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Sampling and Monitoring Equipment
The accuracy of quantitative flow input is crucial for use of the hydraulic model to determine how much extra water is in various line segments due to infiltration and inflow (I & I).
As head of the I & I Investigative Unit of the Wheaton, Ill. Sewer Department, Mike Jankovic states, "Flow monitoring is critical to the accuracy of our hydraulic model. And the hydraulic model allows us to develop and prioritize cost-effective repairs for our overall sewer system." He goes on to say: "If there is a 30 to 50 percent inaccuracy up front, by the time all the mountains of mathematical calculations are made to develop the model, our cost effectiveness analysis is way off."
All Flow Meters Are Not Alike Given the serious nature of the I & I problem, a try-before-you-buy policy certainly seems wise. For example, in one "micro-management" instance in Wheaton, using the American Sigma 950 Area Velocity flow meter, Jankovic's Investigative Unit discovered a ten-fold increase in flow through 1,200 ft. of 8 in. sewer pipe, with only two-tenths of an inch of recorded rainfall over a 20 minute period.
Slow response affects accuracy in quickly changing flow conditions - the same type of conditions observed in Wheaton by Jankovic and his crew. Pipes that go from a dry condition to heavy flow during a rainfall event could easily have changes in level and velocity at a rate faster than some meters can respond (the time it takes to record a change in velocity). State-of-the-art signal response time is five seconds, and some meters can take two minutes or more to record a change in velocity. The Sigma 950 AV employs a patent-pending velocity compensation feature that corrects for the effects of increased velocity on level measurement. In the case of Wheaton, the entire rainfall event, producing a ten-fold increase in flow, lasted only 20 minutes. A response time in seconds versus minutes made a significant difference in accurately recording the flow for this event.
Accurately Measuring Base Flow Low flow and low velocities are common in many municipalities. For example, Jankovic states: "We use flow meters in the winter to monitor wet ground conditions and check the sewers for groundwater infiltration. When it's dry in the summer, we're getting what we consider to be our 'base' flow. Then, of course, we have our rainfall events. The difference between the base and peak flows gives us the quantity of water in our system that really shouldn't be there. We then investigate to find the sources of the extra water."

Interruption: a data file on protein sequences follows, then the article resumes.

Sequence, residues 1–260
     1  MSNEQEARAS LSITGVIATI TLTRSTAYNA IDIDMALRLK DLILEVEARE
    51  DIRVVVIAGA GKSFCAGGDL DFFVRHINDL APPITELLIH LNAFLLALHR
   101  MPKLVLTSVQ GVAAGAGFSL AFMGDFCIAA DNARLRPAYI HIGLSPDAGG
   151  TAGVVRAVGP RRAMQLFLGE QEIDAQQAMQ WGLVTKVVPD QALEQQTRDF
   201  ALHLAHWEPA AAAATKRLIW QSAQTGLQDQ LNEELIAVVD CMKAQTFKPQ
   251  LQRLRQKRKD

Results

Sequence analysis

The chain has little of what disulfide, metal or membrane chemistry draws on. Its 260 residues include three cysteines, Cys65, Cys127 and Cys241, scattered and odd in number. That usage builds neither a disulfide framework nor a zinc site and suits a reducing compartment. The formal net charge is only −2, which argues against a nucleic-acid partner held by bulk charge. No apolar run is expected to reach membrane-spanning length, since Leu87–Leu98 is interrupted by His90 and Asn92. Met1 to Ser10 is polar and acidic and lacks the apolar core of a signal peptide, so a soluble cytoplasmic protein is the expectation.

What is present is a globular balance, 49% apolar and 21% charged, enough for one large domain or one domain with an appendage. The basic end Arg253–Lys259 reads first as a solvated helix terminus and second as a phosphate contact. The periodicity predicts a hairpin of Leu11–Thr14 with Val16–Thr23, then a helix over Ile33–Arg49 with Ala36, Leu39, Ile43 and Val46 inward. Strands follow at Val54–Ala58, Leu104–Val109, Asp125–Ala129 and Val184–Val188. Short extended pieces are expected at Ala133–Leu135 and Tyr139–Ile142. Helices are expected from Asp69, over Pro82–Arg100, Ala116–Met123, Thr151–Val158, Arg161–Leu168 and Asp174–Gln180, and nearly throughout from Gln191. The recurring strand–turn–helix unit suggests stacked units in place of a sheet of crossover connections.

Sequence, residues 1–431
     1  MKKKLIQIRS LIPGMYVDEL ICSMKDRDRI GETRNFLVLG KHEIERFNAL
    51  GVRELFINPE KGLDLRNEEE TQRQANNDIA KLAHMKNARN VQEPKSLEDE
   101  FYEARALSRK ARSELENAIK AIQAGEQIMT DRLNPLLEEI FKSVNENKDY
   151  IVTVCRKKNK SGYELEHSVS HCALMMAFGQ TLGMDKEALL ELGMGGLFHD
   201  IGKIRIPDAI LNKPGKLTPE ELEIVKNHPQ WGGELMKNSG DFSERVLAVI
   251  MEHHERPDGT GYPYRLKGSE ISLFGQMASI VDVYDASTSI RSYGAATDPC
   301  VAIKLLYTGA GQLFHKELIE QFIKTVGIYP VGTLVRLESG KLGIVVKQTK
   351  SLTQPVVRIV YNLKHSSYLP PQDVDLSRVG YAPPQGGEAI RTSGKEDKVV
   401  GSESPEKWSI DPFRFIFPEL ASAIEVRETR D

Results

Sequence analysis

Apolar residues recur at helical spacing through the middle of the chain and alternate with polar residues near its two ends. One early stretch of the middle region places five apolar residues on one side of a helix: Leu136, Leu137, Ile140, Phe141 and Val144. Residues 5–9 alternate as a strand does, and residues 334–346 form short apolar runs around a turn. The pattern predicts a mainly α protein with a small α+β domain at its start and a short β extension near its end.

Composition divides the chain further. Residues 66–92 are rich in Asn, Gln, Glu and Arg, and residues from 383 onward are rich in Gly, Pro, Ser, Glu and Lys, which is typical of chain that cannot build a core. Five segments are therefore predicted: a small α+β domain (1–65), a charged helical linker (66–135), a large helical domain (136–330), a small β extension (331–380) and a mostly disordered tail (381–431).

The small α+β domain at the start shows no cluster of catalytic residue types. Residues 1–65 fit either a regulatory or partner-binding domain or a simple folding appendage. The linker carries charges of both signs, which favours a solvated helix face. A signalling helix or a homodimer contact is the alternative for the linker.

But if your base flow is 1.5 in. and your flow meter uses a default number below 3 in. or your flow meter requires profiling, how will you get accurate numbers in smaller pipes (6 in. to 18 in.)? Jankovic says he couldn't until he used Sigma's 950AV. "I've gotten good velocity data at six-tenths of an inch of water depth and as low as one foot per second of velocity. And that's phenomenal. What really gets me excited is that the performance of this flow meter gives us the ability to go look at bypasses, diversions and relief lines that don't flow all the time. This gives us the ability to micro-monitor in smaller and smaller basins."
The Problems with Weirs and Flumes With so many accuracy-affecting items to consider, one might have the tendency to fall back on a tried-and-true primary device. According to Jankovic, however, "If you're using a primary device, like a weir or flume, as long as you're measuring base flow during dry weather, the reading will be fine. But if you have a flow that increases ten-fold, as we've seen it do many times, the primary device can't measure because its capacity is vastly exceeded."
The Bottom Line: It Pays to Look Closely At Flow Meters The bottom line is that when it comes to I & I problems that can cost a municipality thousands (if not millions) of dollars to correct, it pays to look closely at the flow meters being used.
For the most accurate readings, consider flow meters possessing the following attributes.